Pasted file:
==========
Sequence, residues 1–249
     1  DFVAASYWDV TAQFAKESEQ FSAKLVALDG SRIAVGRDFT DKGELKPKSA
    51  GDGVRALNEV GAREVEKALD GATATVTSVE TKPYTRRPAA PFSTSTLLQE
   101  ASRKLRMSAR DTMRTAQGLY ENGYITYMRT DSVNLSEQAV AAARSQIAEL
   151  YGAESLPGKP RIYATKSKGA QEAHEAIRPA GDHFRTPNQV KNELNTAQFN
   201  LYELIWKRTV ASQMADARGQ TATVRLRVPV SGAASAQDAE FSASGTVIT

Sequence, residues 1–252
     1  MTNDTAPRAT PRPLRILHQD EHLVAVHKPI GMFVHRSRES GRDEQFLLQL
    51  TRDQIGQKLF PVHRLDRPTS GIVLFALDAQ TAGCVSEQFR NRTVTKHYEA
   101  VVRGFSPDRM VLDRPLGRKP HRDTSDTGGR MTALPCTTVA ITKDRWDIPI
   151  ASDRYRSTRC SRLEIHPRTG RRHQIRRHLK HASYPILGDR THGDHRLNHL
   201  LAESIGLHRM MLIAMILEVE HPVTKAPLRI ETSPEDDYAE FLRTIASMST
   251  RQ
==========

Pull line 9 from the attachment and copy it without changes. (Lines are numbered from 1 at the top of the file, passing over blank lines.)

    51  TRDQIGQKLF PVHRLDRPTS GIVLFALDAQ TAGCVSEQFR NRTVTKHYEA